English has 18 vowels. Or maybe 17. Or maybe some other number. Let’s pick a number that seems nice, such as 18, and do the best we can with that number.
Some of these vowels are short and unproblematic. They are called the “lax” vowels. Let’s say these:
|a||æ||cat, lamb, has|
|e||e||get, debt, well|
|i||ɪ||ill, jim, kick|
|o||ɒ||hot, what, moll|
|u||ʌ||hull, dumb, pup|
|oo||ʊ||book, put, could|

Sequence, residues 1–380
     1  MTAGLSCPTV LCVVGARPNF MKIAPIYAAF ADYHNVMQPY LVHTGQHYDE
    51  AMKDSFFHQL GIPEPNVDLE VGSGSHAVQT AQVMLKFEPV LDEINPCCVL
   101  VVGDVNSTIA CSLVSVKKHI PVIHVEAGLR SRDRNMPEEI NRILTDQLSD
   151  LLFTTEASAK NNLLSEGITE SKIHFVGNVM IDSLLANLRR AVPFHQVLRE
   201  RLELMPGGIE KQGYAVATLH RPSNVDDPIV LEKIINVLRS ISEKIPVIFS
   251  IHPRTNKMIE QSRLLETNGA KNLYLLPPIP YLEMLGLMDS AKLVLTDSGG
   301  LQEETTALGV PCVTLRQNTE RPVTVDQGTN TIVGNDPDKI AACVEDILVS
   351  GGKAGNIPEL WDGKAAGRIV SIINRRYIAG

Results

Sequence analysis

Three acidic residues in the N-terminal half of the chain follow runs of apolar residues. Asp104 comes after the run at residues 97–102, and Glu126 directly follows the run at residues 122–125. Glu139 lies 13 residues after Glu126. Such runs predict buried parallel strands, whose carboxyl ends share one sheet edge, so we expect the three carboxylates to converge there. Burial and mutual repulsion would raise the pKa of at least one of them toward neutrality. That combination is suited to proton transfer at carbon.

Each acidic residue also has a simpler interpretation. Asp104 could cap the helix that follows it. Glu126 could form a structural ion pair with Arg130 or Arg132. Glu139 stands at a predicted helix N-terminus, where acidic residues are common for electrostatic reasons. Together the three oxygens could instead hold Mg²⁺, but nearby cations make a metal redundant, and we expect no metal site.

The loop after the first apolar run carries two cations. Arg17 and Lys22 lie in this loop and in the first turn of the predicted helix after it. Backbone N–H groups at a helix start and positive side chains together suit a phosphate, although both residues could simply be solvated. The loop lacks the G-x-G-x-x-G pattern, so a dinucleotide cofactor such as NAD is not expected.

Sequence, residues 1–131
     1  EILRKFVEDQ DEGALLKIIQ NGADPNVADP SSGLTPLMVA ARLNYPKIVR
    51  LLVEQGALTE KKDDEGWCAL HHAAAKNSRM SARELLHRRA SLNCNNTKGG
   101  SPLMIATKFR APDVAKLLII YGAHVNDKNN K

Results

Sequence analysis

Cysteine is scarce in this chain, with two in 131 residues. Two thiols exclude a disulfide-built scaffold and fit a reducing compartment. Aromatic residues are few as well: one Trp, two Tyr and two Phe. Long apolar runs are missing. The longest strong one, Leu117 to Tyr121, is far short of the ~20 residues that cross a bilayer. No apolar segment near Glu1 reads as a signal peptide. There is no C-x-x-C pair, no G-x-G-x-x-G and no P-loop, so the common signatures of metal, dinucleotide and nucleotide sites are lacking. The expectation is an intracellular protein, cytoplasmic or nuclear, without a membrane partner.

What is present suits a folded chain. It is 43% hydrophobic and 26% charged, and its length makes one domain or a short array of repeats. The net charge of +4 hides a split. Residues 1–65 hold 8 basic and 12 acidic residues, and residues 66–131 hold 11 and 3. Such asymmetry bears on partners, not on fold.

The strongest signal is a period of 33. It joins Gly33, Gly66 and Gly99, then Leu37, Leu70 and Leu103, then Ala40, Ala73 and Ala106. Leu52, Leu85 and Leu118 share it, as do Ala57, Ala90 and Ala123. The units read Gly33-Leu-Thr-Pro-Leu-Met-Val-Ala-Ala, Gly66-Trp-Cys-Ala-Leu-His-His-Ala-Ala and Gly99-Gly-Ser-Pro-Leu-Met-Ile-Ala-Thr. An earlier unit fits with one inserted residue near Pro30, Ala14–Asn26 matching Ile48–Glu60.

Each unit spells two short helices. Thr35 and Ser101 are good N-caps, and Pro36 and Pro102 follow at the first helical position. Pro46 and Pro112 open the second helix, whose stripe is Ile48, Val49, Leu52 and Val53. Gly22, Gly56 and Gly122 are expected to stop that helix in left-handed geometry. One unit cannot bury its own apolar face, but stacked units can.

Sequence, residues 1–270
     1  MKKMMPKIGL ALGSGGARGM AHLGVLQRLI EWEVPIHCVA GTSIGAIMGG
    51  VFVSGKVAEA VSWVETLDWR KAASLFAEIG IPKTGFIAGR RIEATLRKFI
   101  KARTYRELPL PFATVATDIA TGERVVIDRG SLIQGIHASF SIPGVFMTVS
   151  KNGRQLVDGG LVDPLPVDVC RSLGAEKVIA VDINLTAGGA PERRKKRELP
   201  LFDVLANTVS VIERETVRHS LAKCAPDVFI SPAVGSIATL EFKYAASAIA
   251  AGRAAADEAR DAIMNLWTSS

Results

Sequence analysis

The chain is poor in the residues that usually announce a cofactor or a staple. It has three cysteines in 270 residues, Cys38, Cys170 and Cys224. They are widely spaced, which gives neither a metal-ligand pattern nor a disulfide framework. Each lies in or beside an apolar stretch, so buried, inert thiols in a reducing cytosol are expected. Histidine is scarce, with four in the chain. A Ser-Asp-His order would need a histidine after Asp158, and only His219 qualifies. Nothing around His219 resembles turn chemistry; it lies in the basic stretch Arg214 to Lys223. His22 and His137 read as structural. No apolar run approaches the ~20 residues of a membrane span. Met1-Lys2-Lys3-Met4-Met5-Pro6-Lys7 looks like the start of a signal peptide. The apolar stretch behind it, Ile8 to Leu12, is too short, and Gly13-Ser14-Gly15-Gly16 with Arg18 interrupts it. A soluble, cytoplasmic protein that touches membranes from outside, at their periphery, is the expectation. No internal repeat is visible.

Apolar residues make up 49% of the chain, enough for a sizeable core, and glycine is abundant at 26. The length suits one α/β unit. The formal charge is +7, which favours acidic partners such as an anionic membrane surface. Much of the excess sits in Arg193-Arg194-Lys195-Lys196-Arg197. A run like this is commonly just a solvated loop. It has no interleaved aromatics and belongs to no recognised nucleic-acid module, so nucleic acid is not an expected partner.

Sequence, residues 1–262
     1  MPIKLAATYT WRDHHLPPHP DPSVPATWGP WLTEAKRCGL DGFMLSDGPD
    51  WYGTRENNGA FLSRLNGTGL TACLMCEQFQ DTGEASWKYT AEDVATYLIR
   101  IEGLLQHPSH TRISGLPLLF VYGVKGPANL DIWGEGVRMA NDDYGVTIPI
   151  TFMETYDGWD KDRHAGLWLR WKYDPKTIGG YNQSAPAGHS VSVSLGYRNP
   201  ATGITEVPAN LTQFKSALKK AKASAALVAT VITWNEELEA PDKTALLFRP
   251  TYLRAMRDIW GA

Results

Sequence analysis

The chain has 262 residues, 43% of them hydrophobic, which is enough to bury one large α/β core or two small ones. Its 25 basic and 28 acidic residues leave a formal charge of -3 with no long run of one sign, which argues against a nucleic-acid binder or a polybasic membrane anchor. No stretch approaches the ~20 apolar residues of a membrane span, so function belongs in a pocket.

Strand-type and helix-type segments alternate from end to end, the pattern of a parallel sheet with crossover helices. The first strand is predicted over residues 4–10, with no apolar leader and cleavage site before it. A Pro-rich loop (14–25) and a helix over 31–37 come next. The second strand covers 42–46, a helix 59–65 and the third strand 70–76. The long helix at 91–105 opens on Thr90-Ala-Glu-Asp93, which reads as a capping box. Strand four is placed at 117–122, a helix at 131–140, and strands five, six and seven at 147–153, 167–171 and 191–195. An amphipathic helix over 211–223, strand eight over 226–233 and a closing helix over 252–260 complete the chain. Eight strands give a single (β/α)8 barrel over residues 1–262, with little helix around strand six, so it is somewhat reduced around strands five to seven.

There are 5 vowels, ‘a,’ ‘e,’ ‘i,’ ‘o,’ ‘u,’ but there’s also a 6th, ‘oo,’ which turns out to be useful. I’ve put the IPA in the table, but it doesn’t really help, as there are 6 different symbols for 6 different sounds, so if you don’t know them, you learn nothing. Maybe later they will come in handy or something. The problem now is that we’ve used up all the vowels letters (and we cheated by using ‘oo’ as well), and we still have 12 sounds left to spell. This means we need to use context in some way.